Auventera Two:Some women would eat their own offspring if they had some dipping sauce.
          Serious Leigh: it sounds like her drama llama should be an old schoolmaster by now.

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          • #6
            Originally posted by Rel6 View Post
            For a greener horse placings are less important (especially jumpers! we all understand {and appreciate!} that you don't to run your 4 year old jumper around the 3'3'' jumpers like a maniac) and I would put rideability, talent, potential, willingness to work and its brain in general higher on the list.
            This is consistent with what I have found buyers to expect of a nice green jumper. Lots of video of good, solid, clean or 4-fault rounds with low or no ribbons but showing a lot of scope is better/more valuable than something that wins all the time but doesn't have much talent. A confirmed children's horse is a $15-$20k horse, maybe if you are lucky. A talented horse currently doing 3'6 with scope for more is twice or three times that.

            I got offered 6 figures for my first jumper several times and his record was very thin, largely due to my inexperience and mistakes. I was holding him back from a good career. Should have sold him if I had any sense! Instead he is buried out under the pines on the farm after a long retirement. I am much better at collecting horses than selling them so perhaps take my advice with a grain of salt.

            Comment


            • #7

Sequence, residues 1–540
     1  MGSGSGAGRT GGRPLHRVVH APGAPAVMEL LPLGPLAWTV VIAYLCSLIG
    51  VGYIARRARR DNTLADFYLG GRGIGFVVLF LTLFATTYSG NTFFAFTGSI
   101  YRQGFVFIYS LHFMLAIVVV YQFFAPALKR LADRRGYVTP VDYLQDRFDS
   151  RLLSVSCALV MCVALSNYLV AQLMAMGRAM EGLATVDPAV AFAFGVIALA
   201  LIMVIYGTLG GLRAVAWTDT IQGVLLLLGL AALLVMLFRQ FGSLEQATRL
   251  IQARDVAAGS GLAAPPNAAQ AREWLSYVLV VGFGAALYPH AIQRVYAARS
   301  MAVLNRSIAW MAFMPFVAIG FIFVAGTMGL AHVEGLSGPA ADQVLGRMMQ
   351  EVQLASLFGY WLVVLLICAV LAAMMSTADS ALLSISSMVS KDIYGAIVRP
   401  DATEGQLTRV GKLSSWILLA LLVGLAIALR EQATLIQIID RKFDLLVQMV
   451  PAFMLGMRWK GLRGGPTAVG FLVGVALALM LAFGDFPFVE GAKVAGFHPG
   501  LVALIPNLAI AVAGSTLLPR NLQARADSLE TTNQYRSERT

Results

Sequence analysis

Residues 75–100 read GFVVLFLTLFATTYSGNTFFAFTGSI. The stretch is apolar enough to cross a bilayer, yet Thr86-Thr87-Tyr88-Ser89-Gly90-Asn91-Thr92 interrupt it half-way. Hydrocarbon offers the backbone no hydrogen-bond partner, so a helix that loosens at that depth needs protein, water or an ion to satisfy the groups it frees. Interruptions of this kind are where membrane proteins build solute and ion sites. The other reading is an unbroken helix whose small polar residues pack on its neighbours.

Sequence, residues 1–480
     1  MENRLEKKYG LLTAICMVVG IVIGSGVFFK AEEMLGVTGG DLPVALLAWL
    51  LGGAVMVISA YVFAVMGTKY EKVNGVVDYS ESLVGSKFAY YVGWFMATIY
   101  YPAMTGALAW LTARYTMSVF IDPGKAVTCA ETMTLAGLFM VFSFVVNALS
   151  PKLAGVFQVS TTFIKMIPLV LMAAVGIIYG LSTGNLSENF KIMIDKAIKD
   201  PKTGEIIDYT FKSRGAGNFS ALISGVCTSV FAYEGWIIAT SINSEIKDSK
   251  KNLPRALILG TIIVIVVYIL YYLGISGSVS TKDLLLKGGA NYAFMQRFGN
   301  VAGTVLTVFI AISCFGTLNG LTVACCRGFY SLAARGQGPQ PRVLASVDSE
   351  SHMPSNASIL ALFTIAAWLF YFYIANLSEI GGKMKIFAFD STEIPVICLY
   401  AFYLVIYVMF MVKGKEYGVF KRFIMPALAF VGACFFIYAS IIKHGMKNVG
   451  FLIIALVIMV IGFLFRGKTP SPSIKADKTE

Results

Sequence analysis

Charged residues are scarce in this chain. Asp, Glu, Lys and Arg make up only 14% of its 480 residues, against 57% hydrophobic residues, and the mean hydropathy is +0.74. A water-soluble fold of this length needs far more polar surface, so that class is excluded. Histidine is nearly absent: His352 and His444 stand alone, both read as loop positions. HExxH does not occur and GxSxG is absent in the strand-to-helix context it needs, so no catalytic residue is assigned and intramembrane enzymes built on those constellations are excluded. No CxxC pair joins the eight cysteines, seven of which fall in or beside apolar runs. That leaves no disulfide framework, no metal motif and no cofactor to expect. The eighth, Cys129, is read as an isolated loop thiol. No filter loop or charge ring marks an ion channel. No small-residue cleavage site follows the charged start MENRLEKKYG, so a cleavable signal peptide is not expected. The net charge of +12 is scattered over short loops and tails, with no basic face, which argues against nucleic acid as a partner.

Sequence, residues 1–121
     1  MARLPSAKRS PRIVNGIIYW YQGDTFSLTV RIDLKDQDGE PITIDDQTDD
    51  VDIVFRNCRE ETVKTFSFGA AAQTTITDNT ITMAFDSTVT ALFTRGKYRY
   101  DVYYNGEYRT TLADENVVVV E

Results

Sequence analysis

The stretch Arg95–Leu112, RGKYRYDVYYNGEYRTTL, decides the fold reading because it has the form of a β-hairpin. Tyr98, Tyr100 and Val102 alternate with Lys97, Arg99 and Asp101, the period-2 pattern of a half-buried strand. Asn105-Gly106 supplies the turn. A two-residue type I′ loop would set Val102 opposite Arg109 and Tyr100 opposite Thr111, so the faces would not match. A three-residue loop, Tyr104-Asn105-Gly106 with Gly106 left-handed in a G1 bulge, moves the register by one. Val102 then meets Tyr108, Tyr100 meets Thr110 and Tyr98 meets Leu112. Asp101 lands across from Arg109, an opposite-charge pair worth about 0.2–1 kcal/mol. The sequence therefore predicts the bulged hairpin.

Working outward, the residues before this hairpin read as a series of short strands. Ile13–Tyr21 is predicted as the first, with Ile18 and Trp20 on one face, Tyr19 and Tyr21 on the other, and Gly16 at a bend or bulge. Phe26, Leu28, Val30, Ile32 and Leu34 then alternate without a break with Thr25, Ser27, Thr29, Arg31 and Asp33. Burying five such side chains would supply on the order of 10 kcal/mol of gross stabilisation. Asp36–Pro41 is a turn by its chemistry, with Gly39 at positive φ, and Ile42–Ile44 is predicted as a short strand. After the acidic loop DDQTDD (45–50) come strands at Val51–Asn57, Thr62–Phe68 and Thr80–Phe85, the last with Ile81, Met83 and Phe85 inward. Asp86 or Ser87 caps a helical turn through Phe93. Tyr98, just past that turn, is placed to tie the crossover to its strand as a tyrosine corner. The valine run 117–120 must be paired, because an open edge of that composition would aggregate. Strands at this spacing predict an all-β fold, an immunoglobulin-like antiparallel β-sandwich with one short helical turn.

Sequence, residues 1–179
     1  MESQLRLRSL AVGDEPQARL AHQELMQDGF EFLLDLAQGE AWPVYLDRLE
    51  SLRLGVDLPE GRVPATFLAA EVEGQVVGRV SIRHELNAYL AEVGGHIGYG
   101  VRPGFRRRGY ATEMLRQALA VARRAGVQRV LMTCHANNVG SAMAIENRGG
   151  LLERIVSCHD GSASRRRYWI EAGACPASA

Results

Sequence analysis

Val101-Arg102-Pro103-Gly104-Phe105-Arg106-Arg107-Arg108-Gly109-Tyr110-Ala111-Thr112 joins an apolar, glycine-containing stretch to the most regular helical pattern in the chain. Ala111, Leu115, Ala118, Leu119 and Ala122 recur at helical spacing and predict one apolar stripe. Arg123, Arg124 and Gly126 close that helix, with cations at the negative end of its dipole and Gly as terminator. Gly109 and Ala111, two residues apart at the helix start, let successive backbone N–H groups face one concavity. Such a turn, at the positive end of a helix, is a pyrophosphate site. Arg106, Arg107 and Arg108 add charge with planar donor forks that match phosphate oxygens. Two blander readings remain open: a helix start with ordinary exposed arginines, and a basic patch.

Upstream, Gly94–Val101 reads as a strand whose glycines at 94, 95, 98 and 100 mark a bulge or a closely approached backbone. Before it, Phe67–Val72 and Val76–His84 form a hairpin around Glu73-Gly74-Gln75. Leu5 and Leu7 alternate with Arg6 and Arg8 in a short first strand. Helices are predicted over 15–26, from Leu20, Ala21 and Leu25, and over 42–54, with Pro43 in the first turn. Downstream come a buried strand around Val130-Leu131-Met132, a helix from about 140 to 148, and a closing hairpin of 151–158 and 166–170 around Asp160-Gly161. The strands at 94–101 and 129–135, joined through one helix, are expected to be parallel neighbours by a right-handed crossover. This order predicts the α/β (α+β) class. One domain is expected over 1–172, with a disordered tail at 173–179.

Depends on how you market the horse and...as always...PRICE. And remember a record proves claims of show mileage.

              If you advertise it as a Hunter? You need to have proof it can negotiate a show hunter course-doesn't have to win but it needs to get around pretty good, can be Green but no big blunders or disobedience. That will price it up but also tell the buyer what it is capable of.

              If you say it is a potential Hunter or prospect? Less proof is needed-but it is going for less of a price then the same horse with a record would go for. If it's never been off the property and you do not have any access to real show jumps with decoration and actual measured distances? Not much to go on besides the seller's biased claims.

              Know who your likely buyer is. Very important to your marketing strategy. Record is important to serious show buyers willing to pay for it. Not so important to those shopping with limited funds...but they have limited funds and are looking for a bargain.
              When opportunity knocks it's wearing overalls and looks like work.

              The horse world. Two people. Three opinions.

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              • #8
                I think a solid show record shows consistency. There are always some highs and lows but if the record looks consistent under a variety of judges it says something about the horse.

                Comment

                • Original Poster

                  #9
                  thank you everyone for your great advice! The horse is priced in the mid 5 figures. She has lots of good qualities...shown in the large juniors at A shows, but also in pre-childrens at 2 smaller shows. Even did low junior jumpers last year in Ocala over the winter. Nice horse, but not really good ribbons. But maybe rider didn't do the best job or the program the horse was in wasn't good fit. All I know is that I can get on, relax, and jump around a 3' course and I'm just moving up from 2'3 - 2'6 stuff! What do you think...too much $ for that? She's a nice mover but needs some training to go more like a hunter...

                  Comment


                  • #10